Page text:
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India's current account deficit declines to 2.2% of GDP in Q3FY23

Private transfer receipts, mainly representing remittances from Indians employed overseas, amounted to $30.8 billion, an increase of 31.7 per cent per cent YoY

Rupee, Indian Rupee, Indian currency

Photo: Reuters

Abhijit Lele Mumbai

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India’s current account deficit (CAD) narrowed sequentially to $18.2 billion in the quarter ended December 2022, or 2.2 per cent of gross domestic product, from $30.9 billion in Q2FY23 (3.7 per cent of GDP). It was $22.2 billion or 2.7 per cent of GDP in the year-ago period.

Behind the lower CAD in Q3FY23 was the narrowing of the merchandise trade deficit to $72.7 billion from $78.3 billion in Q2FY23, coupled with robust services and private transfer receipts, said the Reserve Bank of India (RBI).

Aditi Nayar, chief economist, head-research & outreach, ICRA, said: "Following the downward revision in the Q2FY23 current account deficit, the CAD for Q3 was well below expectations. The estimates for Q2FY23 were revised from a deficit of $36.4 billion (4.4 per cent of GDP).”

The net outgo from the primary income account, mainly reflecting payments of investment income, increased to $ 12.7 billion in the December 2022 quarter, from $11.5 billion a year ago.

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Private transfer receipts, mainly representing remittances from Indians employed overseas, amounted to $30.8 billion, an increase of 31.7 per cent per cent YoY.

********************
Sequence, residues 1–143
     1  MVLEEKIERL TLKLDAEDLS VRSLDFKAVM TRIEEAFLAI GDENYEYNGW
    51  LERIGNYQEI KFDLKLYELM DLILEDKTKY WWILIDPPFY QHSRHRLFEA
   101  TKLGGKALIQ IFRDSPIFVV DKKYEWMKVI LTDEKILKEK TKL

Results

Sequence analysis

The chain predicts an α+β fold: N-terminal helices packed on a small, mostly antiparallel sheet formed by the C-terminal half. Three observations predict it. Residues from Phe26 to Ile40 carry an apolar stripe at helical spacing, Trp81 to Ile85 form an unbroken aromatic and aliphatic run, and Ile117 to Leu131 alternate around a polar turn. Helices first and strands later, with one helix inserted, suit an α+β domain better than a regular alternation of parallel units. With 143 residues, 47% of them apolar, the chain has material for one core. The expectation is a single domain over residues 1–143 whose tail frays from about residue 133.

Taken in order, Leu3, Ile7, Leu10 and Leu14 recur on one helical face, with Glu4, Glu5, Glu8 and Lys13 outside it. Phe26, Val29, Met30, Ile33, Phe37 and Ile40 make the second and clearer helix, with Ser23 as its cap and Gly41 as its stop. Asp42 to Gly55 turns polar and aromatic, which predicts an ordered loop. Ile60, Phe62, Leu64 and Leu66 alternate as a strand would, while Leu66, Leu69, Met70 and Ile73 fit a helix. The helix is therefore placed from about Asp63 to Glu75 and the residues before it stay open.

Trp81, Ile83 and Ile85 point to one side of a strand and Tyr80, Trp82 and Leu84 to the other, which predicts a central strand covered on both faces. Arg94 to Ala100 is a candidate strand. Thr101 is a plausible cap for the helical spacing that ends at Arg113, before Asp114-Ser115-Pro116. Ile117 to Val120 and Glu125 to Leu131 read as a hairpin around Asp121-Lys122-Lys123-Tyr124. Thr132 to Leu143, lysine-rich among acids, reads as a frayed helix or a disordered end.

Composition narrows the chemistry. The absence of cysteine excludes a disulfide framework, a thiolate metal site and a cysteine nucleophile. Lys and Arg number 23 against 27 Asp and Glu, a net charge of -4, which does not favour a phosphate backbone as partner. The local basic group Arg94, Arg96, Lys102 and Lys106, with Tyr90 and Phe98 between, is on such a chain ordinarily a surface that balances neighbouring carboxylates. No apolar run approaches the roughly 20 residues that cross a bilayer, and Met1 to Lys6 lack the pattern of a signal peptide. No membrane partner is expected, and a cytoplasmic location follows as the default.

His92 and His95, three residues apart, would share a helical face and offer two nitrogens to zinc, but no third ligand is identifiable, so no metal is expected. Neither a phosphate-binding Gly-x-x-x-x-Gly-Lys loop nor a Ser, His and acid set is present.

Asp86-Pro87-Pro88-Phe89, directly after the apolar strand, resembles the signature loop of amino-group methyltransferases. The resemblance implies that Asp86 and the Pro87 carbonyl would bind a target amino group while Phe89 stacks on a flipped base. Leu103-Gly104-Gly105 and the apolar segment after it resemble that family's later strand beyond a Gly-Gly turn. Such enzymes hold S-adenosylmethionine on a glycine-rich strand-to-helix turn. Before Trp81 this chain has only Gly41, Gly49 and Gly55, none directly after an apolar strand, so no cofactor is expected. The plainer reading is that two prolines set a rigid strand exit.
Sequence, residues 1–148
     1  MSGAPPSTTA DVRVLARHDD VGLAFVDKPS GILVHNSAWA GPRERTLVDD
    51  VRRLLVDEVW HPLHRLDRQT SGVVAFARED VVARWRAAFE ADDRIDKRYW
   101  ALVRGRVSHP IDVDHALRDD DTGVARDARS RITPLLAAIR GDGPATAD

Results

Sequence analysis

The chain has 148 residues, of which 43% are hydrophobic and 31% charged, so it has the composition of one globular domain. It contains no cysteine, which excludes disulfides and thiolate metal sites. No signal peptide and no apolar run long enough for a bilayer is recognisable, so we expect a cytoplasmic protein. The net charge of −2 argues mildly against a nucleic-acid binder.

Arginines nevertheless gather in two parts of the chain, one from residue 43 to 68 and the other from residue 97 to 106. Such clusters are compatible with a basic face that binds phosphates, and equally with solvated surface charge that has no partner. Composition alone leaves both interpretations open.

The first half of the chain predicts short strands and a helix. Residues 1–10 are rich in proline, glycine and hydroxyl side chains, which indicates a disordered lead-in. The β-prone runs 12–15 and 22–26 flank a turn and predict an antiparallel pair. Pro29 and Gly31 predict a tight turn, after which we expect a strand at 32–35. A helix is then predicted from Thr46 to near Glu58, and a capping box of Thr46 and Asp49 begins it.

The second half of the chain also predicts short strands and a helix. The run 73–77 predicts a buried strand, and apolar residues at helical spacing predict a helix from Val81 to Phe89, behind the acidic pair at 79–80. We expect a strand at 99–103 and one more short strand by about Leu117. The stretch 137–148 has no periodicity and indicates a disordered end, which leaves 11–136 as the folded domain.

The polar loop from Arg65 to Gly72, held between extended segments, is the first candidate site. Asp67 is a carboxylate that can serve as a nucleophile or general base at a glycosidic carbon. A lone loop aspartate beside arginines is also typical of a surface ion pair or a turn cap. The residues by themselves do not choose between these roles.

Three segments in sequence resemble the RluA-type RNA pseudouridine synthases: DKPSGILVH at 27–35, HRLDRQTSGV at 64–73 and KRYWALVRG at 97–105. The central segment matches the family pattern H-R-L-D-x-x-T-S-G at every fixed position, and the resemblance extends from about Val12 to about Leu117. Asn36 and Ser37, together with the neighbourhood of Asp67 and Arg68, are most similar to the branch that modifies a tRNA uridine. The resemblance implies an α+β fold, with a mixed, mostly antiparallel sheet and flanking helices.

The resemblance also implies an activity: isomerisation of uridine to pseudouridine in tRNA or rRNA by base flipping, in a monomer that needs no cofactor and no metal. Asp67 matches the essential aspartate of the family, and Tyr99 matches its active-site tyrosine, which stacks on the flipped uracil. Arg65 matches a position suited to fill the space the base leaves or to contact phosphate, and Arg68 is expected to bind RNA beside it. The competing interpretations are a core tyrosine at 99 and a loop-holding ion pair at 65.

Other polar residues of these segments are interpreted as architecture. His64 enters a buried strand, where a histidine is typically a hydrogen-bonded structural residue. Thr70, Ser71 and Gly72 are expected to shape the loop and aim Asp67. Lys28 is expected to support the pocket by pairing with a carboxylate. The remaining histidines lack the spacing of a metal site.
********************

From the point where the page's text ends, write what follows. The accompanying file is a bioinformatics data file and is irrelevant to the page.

As for the balance of payments (BoP) position in Q3FY23, there was an accretion of $11.1 billion to reserves, as against an accretion of a mere $0.5 billion in the year-ago period.

For April-December 2022 (M9FY23), the country's CAD expanded to 2.7 per cent of GDP, against 1.1 per cent of GDP M9FY22, due to a sharp increase in the merchandise trade deficit. Net invisible receipts were higher in M9FY23, on account of higher net receipts of services and private transfers.

As for the BoP position in April-December 2022 (M9FY23), there was a depletion of $14.7 billion, against an accretion of $63.5 billion in the year-ago period, the RBI said.

With a considerable compression in the average trade deficit in January-February 2023 relative to the previous three months, the CAD is expected to recede further to $10-12 billion in Q4FY23, Nayar said.

For FY23, it is projected to be in the $77-80 billion range (2.3 per cent of GDP), which appears to be contained as compared to the levels that were being feared in mid-2022, ICRA added.

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First Published: Mar 31 2023 | 7:05 PM IST

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